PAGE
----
Kaftan Analysis

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In the Islamic Middle East section, Victoria and Albert Museum, I found three beautiful kaftans. From the collection, I chose this kaftan (right picture). I am going to talk about who wore this kaftan and what story the kaftan has in the 16th century in the paragraph two. In the paragraph three, I am going to mention about what kind of fabric showed status, and then I'll explore more about the status that this kaftan tells us in the paragraph four. Figure1 Princes' Kaftans from Ottoman Turkey, V&A museum According to V&A (no date), this kaftan was worn by a 19 years-old son of the Sultan Murat III in the 16th century, Turkey. It was made of woven silk and gold or silver wrapped…show more content…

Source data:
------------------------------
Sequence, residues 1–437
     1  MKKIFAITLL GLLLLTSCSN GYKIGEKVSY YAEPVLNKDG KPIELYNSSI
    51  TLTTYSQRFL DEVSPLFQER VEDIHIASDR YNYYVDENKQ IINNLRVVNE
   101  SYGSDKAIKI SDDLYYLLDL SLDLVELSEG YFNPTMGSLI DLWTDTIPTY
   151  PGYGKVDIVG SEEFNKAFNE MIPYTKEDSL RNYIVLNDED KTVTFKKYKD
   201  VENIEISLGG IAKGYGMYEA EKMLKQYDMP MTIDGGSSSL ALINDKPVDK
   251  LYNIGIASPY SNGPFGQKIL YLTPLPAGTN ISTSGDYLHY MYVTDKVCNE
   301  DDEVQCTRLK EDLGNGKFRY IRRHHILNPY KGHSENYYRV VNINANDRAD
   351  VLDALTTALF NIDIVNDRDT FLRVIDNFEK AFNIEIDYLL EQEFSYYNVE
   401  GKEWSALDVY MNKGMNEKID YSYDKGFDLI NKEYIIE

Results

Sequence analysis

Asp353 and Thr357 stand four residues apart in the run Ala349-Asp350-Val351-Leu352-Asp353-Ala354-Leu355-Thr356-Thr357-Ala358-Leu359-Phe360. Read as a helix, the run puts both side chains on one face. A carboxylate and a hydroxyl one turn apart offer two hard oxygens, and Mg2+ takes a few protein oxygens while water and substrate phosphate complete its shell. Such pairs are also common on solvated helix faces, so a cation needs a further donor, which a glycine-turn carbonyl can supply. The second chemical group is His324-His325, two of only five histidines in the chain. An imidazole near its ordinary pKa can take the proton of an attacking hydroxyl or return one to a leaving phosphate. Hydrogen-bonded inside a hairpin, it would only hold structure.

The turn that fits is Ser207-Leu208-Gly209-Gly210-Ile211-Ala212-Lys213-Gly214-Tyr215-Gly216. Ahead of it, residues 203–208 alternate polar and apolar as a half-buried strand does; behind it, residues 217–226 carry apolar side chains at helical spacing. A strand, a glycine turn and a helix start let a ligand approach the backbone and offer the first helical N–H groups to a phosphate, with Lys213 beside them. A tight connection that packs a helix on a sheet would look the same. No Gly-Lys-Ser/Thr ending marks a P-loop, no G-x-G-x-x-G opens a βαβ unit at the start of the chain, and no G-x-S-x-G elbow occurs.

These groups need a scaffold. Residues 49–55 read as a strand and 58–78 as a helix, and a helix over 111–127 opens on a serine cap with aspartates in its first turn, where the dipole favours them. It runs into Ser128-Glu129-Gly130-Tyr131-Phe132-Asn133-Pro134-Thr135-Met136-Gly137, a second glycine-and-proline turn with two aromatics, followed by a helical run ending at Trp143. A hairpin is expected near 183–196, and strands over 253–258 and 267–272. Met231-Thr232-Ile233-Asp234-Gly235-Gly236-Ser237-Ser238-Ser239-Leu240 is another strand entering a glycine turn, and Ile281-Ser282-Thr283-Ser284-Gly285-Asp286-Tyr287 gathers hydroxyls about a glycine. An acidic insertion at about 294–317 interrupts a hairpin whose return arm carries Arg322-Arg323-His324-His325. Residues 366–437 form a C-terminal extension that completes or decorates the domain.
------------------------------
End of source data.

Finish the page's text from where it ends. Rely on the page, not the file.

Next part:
It was a flourished era of Ottoman Empire in Turkey. Especially, the Sultan Murat III had highly interested in art (The art of Turkish textile). He often wore white and yellow kaftans as well. So that they told rich people apart, they often used geometric motifs. The motifs were inspired by the organic object, for instance, the sun, stars, fish, flowers and water then they developed from those objects to geometric shape by using such as circles, squares, triangles and hexagonal. (Yanni, 1982) It sometimes based on the Quran. They indeed liked using Islamic symbol as a pattern on the kaftans, architects and ceramics. There were two symbols that we could see frequently. The one was Rub el Hizb, and the other was roundness motif which doesn't have a name. The kaftan that I chose from V&A has been used Rub el Hizb. Its feature is that "The Rub el Hizb is formed by two overlapping squares with one square titled over the other to make an eight-vertex, star-shaped geometrical figure (Hann, 2013). The symbol often has a small circle in the middle (Ancient-Symbols.com, no date). They still used in Arabic calligraphy that is the end of each paragraph; moreover, it has been used in the Quran as well. In Arabic, "Rub" means a quarter and 'Hizb" means a group or a party. Apparently, "Rub el Hizb" might be "divided into quarters" (Ancient Symbol.com, no date) in English. Roundness motif doesn't seem to have certain meaning though it could be a representation of the sun apparently. Furthermore, water, fish and ship were popular motifs in the Ottoman era. Especially, Water was often used as a motif because they thought the water was a mystery of life, having a power of creation. The fish also famous symbol in Turkey. "Occasionally a fish is interpreted as the emblem of the soul, a spiritual searcher or as the preserver of life (Ham, 2013: 189)." They had valued the
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